Cycle Count and Inventory Management | %%sitename%%

Revel Blog | Julie Holkeboer | November 10, 2020 |


What is Cycle Counting? (Solved)

Inventory management is crucial for any business. Ideally, you want to have a product on hand when the customer wants it, where they want it and have the ability to sell it immediately. If you have a product and a customer doesn’t want it, then you must pay carrying costs (labor, rent, utilities) to store it. If you don’t have a product and a customer wants it, then you have either lost a sale or you will pay more money to get the product to the customer (or to make an additional product for the customer, if you can). Either scenario should be avoided if you want your business operations to run smoothly. That’s why inventory management is so vitally important. 

What is a Cycle Count in Terms of Inventory Management?

Having an accurate inventory count is essential for inventory management. However, performing a full-blown physical inventory count may be impractical or impossible. Moreover, the loss from shutting down a warehouse is simply not an acceptable business practice for many. The alternative is a set of inventory practices called cycle counting. There are several ways to do cycle counting. As such, let’s look at how cycle counting works and address the issues it solves. This introduction to cycle counting can help you make decisions that will improve your inventory management and your bottom line.

The Cycle Count Inventory Definition

Wikipedia defines cycle count as “… an inventory auditing procedure, which falls under inventory management, where a small subset in a specific location, is counted on a specific day.’ A stock cycle count uses the same statistical methods as political polling. There are a few different cycle count methods that can help you track your inventory effectively, which we discuss in detail below.

Inventory Cycle Count Processes & Procedures

To prepare for an inventory cycle count , follow the steps outlined below. 

ABC inventory classification in the inventory cycle process

This is a method of breaking down your inventory into three classifications – A, B, and C. “A” inventory is your bestselling, highest margin merchandise providing the best profit to your business. This might represent 20% of your inventory, representing the Pareto principle in action. “B” inventory sells at a moderate pace and only earns a moderate margin. This can represent theoretically 70% of your inventory. “C” inventory is your slowest moving, lowest margin merchandise. Each of these categories is important for conducting cycle counts, as counting “A” category merchandise (that is, the most in-demand and fastest-moving inventory) will have the greatest chance of detecting inventory irregularities due to instances of movement.

Different Types of Cycle Counting

The Pareto method

This method was invented by management consultant Joseph M. Juran, who puts forth that 20% of causes produce 80% of consequences. Items are counted by tracking inventory value, aka “A” inventory values. The drawback is that “B” and “C” items may be more likely to be miscounted, but necessary inventory can disrupt manufacturing if missing.

Cycle count by usage

This method counts inventory that is more frequently touched, moved, or used, regardless of value. The more something is touched by employees, the more of a chance of variance and therefore the higher need to be tracked. The drawback here is that higher value inventory isn’t counted as often, and additional counting might be required to match accounting records.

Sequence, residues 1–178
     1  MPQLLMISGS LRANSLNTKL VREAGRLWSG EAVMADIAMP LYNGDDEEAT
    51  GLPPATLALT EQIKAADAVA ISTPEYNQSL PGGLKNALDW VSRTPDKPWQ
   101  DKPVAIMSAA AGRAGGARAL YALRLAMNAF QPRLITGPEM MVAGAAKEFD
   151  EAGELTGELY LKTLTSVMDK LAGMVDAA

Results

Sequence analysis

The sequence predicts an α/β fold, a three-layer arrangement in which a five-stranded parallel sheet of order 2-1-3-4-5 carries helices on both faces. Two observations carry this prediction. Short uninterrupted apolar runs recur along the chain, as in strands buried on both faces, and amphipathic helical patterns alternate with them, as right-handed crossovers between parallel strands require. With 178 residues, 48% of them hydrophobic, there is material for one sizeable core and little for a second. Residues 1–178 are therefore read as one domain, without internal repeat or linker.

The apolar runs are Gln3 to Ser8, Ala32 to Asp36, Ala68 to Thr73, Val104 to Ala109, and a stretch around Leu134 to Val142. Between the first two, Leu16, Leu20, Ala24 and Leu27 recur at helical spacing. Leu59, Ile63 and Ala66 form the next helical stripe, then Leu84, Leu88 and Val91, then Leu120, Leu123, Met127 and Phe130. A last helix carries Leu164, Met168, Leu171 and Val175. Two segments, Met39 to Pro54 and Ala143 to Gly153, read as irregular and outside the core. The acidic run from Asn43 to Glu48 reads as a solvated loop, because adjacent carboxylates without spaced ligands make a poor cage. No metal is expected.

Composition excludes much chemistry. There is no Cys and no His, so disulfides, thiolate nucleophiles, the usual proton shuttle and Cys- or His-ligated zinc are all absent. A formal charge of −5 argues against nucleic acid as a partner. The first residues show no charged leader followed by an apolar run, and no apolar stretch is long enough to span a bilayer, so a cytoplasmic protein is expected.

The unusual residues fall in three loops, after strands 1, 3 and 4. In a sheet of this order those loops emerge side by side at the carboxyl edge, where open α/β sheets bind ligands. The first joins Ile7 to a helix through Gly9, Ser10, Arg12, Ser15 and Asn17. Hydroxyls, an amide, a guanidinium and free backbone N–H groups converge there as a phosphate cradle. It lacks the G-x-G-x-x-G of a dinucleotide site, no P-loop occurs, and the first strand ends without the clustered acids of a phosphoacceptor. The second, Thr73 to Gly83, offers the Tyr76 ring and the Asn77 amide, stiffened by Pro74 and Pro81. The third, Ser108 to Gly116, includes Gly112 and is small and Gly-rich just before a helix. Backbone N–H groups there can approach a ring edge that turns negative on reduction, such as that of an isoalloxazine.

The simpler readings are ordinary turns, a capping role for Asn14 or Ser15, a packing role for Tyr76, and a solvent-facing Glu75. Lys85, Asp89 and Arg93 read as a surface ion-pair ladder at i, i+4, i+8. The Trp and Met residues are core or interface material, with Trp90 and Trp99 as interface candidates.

Hybrid inventory counts

This mixed method uses Pareto style frequency analysis. Then, counting frequencies are changed based on the item’s ABC code, the item’s dollar cost value, and other values on an ad hoc basis. This method requires manual changes and is not as statistically stable due to the ability to make arbitrary adjustments.

Inventory Cycle Count: Best Practices

In preparing for a cycle count, these best practices should be kept in mind:

Organize the inventory

Get rid of scrap, junk, and unusable inventory (but include this towards write off count!)

Generate list of items to audit

This will be based on the method of cycle count you’ve adopted, as noted above.

Conduct audit

This is where you will conduct your actual count. Hand scanners, RFID, and other functions from your inventory management system will be of great help.


At this stage, you can identify discrepancies in your count and take corrective action.


Repeat according to the frequency cycle you’ve chosen.

What is Inventory Cycle Time? 

Inventory cycle time is how long it takes to manufacture a product, from start to finish. This includes delays due to various parts not being available. As such, gaps in inventory counts can have a profound effect on inventory cycle time. Closing gaps in inventory counts is essential to shortening inventory cycle time. 

Goals of a Cycle Count

What does cycle count mean in inventory management ? Well, cycle counts, at the end of the day, are designed to determine inventory accuracy and to speed up production times. While a cycle count won’t pick up every single inventory error, they are great at determining the causes of inventory errors and are thus essential to improving inventory accuracy and reducing cycle time. 

Inventory Accuracy: How Revel Systems Can Help You with Inventory Cycle Counts

Now that you are better informed on what is a count cycle, let Revel Systems help you create an effective solution for your business. Revels Systems works with businesses of all sizes to help them improve their inventory processes. Do you need help with your inventory management processes and inventory accounting? Schedule a free demo today!